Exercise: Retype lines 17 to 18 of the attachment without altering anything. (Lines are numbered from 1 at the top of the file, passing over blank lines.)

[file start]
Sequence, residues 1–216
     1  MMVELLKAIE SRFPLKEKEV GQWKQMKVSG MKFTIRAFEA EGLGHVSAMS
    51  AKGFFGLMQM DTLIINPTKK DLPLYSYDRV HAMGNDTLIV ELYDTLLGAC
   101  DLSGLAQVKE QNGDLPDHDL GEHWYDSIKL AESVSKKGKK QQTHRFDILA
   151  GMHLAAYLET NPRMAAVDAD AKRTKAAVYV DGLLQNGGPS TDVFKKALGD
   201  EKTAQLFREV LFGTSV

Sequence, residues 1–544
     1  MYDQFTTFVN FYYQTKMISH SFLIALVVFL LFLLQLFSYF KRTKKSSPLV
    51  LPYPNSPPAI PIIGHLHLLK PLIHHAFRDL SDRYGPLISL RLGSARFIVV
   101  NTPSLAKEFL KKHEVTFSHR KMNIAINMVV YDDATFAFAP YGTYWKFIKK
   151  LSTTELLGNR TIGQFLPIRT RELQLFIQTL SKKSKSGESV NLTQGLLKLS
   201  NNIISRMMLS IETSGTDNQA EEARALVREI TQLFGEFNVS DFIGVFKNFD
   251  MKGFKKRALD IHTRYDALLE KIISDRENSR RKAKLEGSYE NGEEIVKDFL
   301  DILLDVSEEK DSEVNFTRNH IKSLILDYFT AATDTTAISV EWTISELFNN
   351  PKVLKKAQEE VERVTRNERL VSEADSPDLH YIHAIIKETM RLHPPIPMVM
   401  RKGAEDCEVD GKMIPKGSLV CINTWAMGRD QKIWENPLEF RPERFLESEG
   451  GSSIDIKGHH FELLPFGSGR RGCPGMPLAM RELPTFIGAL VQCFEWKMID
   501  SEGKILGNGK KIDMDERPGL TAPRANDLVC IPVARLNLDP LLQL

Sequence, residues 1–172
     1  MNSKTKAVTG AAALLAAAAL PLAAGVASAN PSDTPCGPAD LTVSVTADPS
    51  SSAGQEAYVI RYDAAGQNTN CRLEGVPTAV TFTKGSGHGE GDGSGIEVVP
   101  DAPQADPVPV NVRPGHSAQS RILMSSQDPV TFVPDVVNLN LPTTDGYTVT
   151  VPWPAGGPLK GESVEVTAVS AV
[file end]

   451  GSSIDIKGHH FELLPFGSGR RGCPGMPLAM RELPTFIGAL VQCFEWKMID
   501  SEGKILGNGK KIDMDERPGL TAPRANDLVC IPVARLNLDP LLQL